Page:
Gang activity cited in girl’s shooting
10-year-old was hurt in Roxbury
Rival gang activity is believed to be responsible for the Friday night shooting of a 10-year-old girl who was wounded in the leg outside her Roxbury home, police said.
Police Superintendent in Chief Daniel Linskey said yesterday that police believe the shooter was targeting the girl’s two brothers, who are involved with gangs.
Police Commissioner Edward F. Davis told reporters just before the funeral of 14-year-old Nicholas Fomby-Davis, who was shot last Sunday in Dorchester, that the girl’s brothers were not cooperating with investigators.
“It’s unconscionable that the brothers can’t see the danger and not cooperate,’’ Davis said.
Mayor Thomas M. Menino who was also at the funeral, said police are targeting and catching suspects but need help from the community to keep the peace. “It takes everyone to cooperate,’’ he said.
The girl, whose injury was not life-threatening, was apparently playing outside on Creston Street with her family nearby when one man opened fire, Linskey said.
“People are not happy with what happened,’’ he said. “Even the coldest heart has a visceral reaction to a 10-year-old not being able to play outside her house.’’
Community members are working with authorities to offer information on what has become a spate of violence against the city’s youth, Linskey said.
Three teens have been shot and killed since the beginning of May, including Fomby-Davis, who authorities said was pulled off a scooter, held down, and shot. After he was killed, police took the unusual step of distributing a flier with the photos of 10 youths believed to be involved in the gang responsible for his death. Joshua Fernandes, 16, and Crisostomo Lopes, 20, have been arrested and charged with murder in the case. That attack is not connected to the shooting of the 10-year-old, Linskey said.
Just one month ago, 14-year-old Jaewon Martin was fatally shot on the Roxbury-Jamaica Plain line. Immediately after that shooting, police pledged to take several measures, including the targeting of “impact players,’’ or known gang members.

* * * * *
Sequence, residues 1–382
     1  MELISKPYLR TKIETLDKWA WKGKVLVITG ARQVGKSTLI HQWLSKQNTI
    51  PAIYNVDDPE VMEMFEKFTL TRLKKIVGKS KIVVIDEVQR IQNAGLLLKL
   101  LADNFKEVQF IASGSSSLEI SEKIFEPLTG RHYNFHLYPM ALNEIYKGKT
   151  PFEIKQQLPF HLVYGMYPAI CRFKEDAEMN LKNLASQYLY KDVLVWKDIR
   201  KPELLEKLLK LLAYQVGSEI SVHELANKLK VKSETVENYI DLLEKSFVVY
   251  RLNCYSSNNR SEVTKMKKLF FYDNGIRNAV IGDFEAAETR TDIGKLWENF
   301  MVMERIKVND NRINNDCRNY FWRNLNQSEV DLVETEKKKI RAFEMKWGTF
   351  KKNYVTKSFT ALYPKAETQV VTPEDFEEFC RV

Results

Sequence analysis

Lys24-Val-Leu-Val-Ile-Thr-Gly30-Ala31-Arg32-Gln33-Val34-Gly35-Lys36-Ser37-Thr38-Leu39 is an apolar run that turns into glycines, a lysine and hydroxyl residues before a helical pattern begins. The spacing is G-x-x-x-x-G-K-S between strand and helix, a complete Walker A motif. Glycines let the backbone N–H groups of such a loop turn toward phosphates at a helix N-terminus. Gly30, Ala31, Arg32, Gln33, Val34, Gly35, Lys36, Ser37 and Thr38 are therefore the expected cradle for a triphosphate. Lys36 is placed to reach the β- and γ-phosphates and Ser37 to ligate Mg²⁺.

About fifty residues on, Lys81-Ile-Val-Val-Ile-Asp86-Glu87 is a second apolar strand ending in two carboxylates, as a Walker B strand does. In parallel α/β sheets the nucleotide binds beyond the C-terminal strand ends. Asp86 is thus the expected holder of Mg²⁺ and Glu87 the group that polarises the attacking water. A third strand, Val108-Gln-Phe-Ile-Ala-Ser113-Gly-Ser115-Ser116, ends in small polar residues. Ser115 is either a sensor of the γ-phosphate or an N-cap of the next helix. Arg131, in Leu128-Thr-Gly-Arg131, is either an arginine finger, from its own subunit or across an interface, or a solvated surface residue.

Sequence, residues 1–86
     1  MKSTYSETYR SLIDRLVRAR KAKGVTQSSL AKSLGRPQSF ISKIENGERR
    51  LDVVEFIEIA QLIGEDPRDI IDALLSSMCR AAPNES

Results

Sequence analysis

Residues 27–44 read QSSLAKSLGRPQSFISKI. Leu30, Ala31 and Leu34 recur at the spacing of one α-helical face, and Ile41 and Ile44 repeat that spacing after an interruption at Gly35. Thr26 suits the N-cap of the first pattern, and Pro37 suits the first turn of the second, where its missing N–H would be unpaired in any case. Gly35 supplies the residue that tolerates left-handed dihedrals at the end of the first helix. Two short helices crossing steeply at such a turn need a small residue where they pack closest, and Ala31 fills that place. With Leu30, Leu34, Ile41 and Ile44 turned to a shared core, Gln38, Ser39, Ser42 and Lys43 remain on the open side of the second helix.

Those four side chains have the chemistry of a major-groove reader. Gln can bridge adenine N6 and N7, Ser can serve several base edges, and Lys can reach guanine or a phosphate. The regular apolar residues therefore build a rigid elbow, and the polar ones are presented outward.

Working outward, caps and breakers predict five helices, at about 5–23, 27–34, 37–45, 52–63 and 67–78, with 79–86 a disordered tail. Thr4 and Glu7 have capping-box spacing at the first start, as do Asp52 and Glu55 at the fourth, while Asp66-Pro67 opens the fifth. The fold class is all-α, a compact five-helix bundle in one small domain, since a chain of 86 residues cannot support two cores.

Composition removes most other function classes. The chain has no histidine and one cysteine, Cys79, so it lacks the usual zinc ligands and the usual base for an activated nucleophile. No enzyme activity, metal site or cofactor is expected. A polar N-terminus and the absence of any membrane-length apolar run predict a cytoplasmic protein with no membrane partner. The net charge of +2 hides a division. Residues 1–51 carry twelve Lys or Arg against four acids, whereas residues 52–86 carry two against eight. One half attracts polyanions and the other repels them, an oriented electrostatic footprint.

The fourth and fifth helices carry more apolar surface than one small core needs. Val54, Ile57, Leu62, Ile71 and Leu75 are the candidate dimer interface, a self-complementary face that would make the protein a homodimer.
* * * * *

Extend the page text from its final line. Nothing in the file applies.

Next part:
The shooting of the 10-year-old on Friday was the second on Creston Street in just over a week; 18-year-old Terrence S. Kelley Jr., of Dorchester, was shot on the street May 28.
Expressing his dismay at the string of killings, Linskey said it is up to the community to help police make changes in the city’s troubled neighborhoods.
“It’s frustrating,’’ he said. “How do you get into the head of a 16-year-old who should be worrying about getting his driver’s license or being in a first relationship when he’s intent on assassinating a 14-year-old? How do you change that behavior? By the time the police are getting involved it’s too late.’’
Yesterday, a woman who lives across the street from the 10-year-old’s family said she could not believe that the girl’s brothers were involved with gangs. “Those are sweet, smart little boys,’’ said the woman, who would not give her name.
“She’s never going to be OK,’’ the woman said of the girl. “That little girl is traumatized.’’
The woman said she was in her home Friday night when the shots rang out. She said the gunfire was much louder than the afternoon Kelley was shot. “This time it was ‘duck down, duck down,’ ’’ she said.
Asked how often police drive by on routine patrols, the woman answered, “Not enough, especially after that boy got [killed].’’ Several people gathered on the woman’s front porch yesterday talked about ways to curb the violence.
The woman’s cousin, Lethe Deleon, even suggested compulsory military service for violent offenders.
“Send [them] to Iraq,’’ she said.
Other suggestions included more summer job programs for youth and a teen curfew. One woman said it should start at 9 p.m., others said even earlier.
Across the street, a makeshift memorial of candles, a stuffed animal, and empty liquor bottles was still standing for Kelley. There was no answer at the apartment of the 10-year-old’s family yesterday. A Boston police pamphlet was tucked under the front door of her building urging residents to call the department’s anonymous tip line.
Deleon said witnesses usually do not speak to police after a shooting because they fear retaliation.
She said residents in the city’s low-income neighborhoods are more vulnerable to shootings in the summertime, when they gather outside their homes to cool off. “How many AC’s do you see [here]?’’ Deleon said.